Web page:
One of the most remarked on trends in retail is the growth in retail as theatre

CONTROLLING THE BRAND

Retailers are increasingly seeking to control their brand by becoming independent operators of space with many breaking out of department stores and defining their own space on the high street.

Apple are the front runner of this trend, creating a unique space to engage with their customers, but other brands are quickly following suit – including LEGO, MAC, Benefit cosmetics, and Adidas.

Dyson have not only expanded their brand presence to create a standalone showroom store on London’s Oxford Street, but also have used this space to connect to customers in a unique way. Visitors are not encouraged to shop and spend, but to explore the science and engineering behind the products, learn about the quality of the brand and receive tailored expert advice from specialists. 
 

PERSONALISATION

Tying in to many of these trends, brands are now working harder than ever to tailor their physical stores to provide unique experiences that are associated with their brands. There is a recognition that a “one size fits all” approach will no longer suffice, pushing brands to be more innovative with their physical space and tailoring their products to experience to the area in which they are located.

Tom Ford’s first standalone beauty store in Covent Garden opened in 2017. This space encourages exploration and discovery amongst consumers, with different rooms used for different retail experiences. The ‘colour room’ which allows visitors to test every shade of lipstick through augmented reality, is joined by a male ‘grooming room’, and an interactive tech-driven ‘fragrance room’ which allows shoppers to digitally explore the perfume range.
 

MAXIMISE SPEND AND ENGAGEMENT

These dynamic shifts in the ways brands are using retail space show how the industry is moving. It is essential that retailers understand how their stores are shopped and segment their estate to reflect how the shopper engages with space, not rolling a format out based on the centre architecture. This means working collaboratively with landlords to understand the shopper, what they want from a store in a centre and tailoring the store to reflect the diversity of its use.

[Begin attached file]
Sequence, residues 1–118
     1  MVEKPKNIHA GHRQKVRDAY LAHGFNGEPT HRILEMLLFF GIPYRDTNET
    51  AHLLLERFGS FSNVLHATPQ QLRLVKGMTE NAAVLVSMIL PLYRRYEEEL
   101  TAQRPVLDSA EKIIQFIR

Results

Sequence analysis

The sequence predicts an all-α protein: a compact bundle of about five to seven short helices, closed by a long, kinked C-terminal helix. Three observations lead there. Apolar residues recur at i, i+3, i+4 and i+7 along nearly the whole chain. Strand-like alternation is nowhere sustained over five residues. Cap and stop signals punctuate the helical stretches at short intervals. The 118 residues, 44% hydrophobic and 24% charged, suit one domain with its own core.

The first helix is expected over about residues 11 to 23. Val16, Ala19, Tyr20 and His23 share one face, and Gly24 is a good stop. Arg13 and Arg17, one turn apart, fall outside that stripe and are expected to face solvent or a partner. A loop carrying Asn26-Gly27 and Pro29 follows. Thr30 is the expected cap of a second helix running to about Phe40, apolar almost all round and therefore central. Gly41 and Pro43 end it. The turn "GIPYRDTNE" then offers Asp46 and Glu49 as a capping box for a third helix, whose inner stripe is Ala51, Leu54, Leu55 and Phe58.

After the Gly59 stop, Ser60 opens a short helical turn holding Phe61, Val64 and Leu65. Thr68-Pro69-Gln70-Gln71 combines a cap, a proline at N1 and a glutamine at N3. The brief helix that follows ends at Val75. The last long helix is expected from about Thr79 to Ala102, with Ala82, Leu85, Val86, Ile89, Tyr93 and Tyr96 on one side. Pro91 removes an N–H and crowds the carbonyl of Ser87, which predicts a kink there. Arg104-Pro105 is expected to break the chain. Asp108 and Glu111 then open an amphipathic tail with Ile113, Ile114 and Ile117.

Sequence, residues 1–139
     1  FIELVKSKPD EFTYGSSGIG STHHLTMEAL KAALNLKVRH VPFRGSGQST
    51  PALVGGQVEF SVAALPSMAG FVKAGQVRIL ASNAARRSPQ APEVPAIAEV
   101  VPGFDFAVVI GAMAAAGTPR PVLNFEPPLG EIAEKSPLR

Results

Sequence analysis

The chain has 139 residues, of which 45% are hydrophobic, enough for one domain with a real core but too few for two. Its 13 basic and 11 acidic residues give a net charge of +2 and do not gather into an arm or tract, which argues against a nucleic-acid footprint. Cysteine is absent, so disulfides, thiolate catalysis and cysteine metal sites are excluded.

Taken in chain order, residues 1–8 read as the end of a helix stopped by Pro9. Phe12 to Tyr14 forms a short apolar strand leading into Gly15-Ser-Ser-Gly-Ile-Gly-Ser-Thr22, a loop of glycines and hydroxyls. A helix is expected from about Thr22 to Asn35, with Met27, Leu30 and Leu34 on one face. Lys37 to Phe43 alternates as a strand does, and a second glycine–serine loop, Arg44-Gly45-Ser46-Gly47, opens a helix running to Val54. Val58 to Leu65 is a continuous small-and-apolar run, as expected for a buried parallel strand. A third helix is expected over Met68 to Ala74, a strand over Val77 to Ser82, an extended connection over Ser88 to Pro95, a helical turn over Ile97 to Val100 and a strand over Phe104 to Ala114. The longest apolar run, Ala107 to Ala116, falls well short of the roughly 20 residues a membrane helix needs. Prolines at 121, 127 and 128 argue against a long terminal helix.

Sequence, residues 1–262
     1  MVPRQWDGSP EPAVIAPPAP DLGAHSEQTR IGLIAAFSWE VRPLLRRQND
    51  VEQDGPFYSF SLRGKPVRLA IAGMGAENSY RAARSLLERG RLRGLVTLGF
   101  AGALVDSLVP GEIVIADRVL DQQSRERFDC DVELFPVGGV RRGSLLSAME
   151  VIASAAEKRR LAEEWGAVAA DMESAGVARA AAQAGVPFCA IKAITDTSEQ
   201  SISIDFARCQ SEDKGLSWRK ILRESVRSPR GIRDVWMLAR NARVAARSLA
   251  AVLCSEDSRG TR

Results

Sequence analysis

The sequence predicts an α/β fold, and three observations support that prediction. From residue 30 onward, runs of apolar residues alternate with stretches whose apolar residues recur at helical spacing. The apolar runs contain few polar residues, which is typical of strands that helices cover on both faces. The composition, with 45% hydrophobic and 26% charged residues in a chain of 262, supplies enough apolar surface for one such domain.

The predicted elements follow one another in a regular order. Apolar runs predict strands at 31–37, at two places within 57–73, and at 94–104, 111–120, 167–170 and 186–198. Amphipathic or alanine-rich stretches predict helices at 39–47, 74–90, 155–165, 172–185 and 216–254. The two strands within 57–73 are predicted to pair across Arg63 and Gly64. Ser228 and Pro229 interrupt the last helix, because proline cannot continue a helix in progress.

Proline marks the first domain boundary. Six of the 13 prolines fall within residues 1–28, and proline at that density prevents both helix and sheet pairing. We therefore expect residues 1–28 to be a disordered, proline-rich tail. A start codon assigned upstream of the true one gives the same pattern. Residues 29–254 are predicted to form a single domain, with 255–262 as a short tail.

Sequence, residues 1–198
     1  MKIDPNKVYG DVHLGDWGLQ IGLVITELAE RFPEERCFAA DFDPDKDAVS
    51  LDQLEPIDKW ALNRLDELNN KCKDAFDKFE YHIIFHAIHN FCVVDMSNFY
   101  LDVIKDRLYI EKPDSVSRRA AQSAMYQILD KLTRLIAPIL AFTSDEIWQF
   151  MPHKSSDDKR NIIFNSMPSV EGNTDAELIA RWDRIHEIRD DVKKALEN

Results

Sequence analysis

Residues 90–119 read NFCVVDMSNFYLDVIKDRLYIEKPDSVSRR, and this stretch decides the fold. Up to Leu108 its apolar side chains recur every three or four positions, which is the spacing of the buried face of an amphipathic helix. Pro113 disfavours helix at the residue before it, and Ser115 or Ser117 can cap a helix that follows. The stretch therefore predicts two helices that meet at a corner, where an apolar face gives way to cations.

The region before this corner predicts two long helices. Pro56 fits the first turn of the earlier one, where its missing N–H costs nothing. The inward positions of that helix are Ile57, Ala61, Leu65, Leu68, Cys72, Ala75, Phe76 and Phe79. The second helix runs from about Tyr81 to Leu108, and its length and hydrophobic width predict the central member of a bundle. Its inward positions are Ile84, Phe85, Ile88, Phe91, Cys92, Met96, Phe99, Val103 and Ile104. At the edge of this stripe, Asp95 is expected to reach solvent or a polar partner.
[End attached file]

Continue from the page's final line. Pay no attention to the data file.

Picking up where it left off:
People shop in different ways in every location and the centre and the store need to understand who their customer is, why they are there and what they expect, then move beyond meeting expectations to surprise and delight their shoppers. This will maximise spend and engagement.

If you would like to know how these trends are effecting your retail space, please get in contact.

An area of focus for CACI’s Space Redefined briefing was to highlight how brands are adapting to the changing shopper behaviour in today’s retail landscape. Within this blog, we uncover key areas of change and give an indication of how brands are starting to break away from the typical channels and models, and thereby defining their own retail spaces in 2018.

Redefining Retail Space